So of course, I downloaded Google's Desktop search. I was pleasantly suprised at the simplicity and "it just works" aspect. The results are interesting. I haven't really missed not having reasonable search.
Something that intrigued me was that they use an HTTP server on the client to serve up the pages. This may be more interesting than just search. Lots of desktops have Web servers - mainly Mac OS/X - but Google can use this to build very powerful network applications. And when enough Windows users trust Google and allow a conduit for software downloads, the door is wide open for Google to deliver those Web native apps. Something I'm thinking of is an HTTP based notification mechanism - Google's search alerts delivered more live than email, pings to your blogs built with Blogger, GMail notifications. (Speaking of GMail, I'm suprised Google Desktop doesn't index that.)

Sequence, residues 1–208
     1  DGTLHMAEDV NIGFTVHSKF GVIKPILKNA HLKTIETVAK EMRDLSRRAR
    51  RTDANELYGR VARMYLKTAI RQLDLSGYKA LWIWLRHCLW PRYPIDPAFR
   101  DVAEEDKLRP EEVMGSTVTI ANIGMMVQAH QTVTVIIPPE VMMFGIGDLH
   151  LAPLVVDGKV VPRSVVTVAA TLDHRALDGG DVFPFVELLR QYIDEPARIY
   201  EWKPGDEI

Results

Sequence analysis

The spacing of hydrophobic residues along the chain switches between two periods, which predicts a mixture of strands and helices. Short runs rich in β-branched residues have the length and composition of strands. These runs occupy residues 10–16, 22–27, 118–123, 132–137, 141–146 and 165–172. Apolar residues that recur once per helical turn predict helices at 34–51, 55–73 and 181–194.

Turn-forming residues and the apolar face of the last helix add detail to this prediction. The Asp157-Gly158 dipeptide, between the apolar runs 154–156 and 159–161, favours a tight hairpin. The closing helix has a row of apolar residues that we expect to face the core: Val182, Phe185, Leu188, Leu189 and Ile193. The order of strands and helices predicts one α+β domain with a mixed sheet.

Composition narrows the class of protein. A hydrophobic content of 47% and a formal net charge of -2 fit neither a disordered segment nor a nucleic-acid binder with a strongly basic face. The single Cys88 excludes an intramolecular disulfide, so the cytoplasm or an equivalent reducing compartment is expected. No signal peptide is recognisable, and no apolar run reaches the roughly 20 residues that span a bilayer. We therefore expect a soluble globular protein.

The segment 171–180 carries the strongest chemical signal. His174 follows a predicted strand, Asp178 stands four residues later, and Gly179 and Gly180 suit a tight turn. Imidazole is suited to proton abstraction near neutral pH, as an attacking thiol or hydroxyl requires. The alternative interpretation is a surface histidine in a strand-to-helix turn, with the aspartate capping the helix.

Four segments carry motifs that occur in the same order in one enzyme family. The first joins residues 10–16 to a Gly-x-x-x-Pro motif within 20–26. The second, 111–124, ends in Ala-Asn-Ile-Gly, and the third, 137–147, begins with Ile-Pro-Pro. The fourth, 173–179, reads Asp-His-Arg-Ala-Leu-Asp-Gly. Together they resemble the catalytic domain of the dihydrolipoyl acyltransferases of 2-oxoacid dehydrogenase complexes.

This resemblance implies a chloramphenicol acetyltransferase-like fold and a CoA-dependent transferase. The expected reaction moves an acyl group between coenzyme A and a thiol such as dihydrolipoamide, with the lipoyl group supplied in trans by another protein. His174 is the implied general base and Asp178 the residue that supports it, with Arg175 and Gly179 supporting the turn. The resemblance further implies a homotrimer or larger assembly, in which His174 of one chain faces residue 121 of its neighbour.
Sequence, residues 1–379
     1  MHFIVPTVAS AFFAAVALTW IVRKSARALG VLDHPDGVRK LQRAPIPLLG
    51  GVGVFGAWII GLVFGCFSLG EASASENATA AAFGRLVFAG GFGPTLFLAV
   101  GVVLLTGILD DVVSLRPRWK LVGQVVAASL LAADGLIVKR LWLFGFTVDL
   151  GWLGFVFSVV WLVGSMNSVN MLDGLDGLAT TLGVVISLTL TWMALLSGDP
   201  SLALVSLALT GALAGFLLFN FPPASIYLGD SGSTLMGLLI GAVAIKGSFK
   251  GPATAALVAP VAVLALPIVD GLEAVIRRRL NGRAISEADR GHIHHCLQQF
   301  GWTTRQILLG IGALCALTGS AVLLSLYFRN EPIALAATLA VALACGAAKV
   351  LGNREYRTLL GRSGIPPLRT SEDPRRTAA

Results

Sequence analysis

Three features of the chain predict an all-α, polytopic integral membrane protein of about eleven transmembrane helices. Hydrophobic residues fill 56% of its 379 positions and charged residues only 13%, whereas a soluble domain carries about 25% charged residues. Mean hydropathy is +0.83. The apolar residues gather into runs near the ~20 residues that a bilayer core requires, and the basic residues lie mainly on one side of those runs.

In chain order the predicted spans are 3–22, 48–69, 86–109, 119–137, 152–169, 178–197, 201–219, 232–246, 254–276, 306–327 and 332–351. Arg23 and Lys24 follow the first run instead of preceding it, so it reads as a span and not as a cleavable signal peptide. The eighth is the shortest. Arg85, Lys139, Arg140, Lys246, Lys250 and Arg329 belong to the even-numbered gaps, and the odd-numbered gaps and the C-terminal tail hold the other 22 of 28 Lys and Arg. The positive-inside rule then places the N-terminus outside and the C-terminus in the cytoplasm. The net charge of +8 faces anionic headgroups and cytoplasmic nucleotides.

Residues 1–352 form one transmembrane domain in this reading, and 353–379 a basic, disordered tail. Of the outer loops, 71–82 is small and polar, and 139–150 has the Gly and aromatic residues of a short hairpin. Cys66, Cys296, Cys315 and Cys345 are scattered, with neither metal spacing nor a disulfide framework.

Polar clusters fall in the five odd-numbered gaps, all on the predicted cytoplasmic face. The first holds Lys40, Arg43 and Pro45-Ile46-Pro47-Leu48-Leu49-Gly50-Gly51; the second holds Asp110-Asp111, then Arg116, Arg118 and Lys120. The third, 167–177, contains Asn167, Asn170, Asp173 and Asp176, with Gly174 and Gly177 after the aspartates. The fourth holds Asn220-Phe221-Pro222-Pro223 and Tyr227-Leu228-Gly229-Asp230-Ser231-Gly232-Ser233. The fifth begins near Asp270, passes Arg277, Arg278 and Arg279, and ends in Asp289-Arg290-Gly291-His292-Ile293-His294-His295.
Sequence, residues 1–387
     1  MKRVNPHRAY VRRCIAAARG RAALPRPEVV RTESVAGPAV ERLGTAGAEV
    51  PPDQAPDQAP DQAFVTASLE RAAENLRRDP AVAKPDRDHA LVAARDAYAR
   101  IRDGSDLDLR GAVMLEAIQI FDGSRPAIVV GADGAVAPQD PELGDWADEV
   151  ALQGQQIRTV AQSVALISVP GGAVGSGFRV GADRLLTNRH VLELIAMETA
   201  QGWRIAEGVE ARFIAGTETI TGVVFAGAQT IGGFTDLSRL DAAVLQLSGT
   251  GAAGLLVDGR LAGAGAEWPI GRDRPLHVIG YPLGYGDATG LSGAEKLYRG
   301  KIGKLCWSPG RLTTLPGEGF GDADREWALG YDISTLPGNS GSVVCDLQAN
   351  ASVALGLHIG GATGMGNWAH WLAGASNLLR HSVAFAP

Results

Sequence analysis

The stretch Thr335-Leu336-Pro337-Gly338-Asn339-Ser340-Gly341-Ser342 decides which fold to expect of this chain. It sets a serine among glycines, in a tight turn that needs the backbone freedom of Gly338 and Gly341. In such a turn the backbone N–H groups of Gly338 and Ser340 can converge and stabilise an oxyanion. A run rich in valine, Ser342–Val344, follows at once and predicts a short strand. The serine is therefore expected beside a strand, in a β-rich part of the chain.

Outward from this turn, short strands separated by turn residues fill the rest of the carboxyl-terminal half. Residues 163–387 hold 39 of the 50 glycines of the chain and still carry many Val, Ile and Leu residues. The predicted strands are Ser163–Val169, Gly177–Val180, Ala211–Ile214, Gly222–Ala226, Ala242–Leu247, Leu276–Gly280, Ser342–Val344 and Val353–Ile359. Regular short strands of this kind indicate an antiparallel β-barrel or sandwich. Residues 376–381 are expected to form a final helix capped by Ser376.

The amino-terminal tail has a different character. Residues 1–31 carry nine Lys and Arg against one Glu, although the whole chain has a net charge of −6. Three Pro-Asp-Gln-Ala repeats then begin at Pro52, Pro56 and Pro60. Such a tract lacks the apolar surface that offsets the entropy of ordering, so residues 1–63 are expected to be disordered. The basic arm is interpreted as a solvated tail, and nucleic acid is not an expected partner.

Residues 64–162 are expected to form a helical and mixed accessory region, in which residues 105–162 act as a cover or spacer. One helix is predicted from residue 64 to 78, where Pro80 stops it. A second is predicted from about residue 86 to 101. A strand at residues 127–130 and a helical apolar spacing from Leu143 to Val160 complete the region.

I wonder if the Google's desktop server can return XML for search results. Kind of interesting to think about subscribing to your 'personal web' search results as a feed.
I like the term 'personal web'. Way back when I first started at DataChannel, some of my early notes talked about 'world wide web', 'corporate web' and 'personal web'. The company was into push at the time, later it got into enterprise portals and I eventually built a subscription and notification service for that portal product (after returning from a scintillating stint at KnowNow). There was a company from Seattle that had a localhost based Web server app for subscriptions to live notifications - very enlightening to see a web server on the desktop as the application framework. Notifications, desktop web servers, 'personal web', push technologies - it all sounds so familiar...